A national bank is a bank organized under an act passed by Congress, entitled "The National Bank Act," and in addition to doing a general banking business, it has authority to issue circulating notes against bonds deposited with the Treasurer of the United States. The government does not own nor control the bank, but only authorizes its creation and prescribes the mode of doing business. Every banking association doing business under this act is governed by the same principles, is subject to the same inspection, uses the same forms in making reports to the comptroller at Washington, and is liable to the same penalties for the violation of any requirement of the national banking law.
National banks have power to adopt and use a corporate seal to have succession for a period of twenty years; to make contracts; to sue and be sued; to elect directors, and by Its board of directors to elect officers; to make all needful by-laws not in consistent with the national bank act; to discount and negotiate notes, drafts, bills of exchange, etc.; to receive deposits, buy and sell exchange, coin and bullion; to loan money on personal security; and to issue and circulate its own notes.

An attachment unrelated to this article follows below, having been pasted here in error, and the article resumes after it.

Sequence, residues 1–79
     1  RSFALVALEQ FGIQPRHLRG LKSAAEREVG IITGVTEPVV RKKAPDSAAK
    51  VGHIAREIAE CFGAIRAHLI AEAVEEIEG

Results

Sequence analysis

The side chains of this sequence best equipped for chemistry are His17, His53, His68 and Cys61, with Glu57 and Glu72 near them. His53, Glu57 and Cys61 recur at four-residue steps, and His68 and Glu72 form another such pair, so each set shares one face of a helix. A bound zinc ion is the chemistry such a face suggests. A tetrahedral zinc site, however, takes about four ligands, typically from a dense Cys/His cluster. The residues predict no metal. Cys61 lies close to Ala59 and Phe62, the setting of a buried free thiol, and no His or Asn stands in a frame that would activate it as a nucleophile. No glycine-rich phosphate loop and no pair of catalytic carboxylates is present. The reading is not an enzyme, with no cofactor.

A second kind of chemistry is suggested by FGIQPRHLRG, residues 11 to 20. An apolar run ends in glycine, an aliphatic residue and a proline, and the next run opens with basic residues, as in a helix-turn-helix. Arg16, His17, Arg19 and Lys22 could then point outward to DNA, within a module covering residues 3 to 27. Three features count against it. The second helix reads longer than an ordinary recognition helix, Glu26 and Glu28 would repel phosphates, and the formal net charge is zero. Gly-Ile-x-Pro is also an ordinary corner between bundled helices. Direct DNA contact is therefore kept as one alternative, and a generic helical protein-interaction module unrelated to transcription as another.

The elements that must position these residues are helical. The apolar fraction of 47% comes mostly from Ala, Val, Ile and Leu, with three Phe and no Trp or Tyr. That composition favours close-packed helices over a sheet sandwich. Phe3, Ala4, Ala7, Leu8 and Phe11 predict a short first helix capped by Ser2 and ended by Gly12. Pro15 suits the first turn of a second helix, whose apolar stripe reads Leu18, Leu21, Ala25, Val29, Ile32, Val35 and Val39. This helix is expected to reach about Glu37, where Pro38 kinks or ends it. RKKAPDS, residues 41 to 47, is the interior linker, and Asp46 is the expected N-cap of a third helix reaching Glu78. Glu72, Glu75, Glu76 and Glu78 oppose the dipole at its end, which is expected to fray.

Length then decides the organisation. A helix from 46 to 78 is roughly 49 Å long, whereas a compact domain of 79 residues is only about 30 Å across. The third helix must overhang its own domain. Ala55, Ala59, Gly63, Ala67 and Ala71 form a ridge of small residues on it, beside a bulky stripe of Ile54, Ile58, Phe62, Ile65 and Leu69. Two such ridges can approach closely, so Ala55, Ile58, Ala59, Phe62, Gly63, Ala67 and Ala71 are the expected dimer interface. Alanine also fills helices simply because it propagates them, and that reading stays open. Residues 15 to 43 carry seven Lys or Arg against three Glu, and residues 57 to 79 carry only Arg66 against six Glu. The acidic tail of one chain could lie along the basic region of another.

National banks are prohibited from holding real estate other than the buildings in which they do business and land mortgaged to secure a loan which was made in good faith upon personal security
National banks are required to keep on hand at all times a lawful money reserve equaling 25 per cent of the deposits if in a large city, and 15 per cent of the deposits, if located in a small city.
National banks are prohibited under severe penalty from certifying a check in excess of a depositor's account.
Banks must make at least five reports to the comptroller during the year.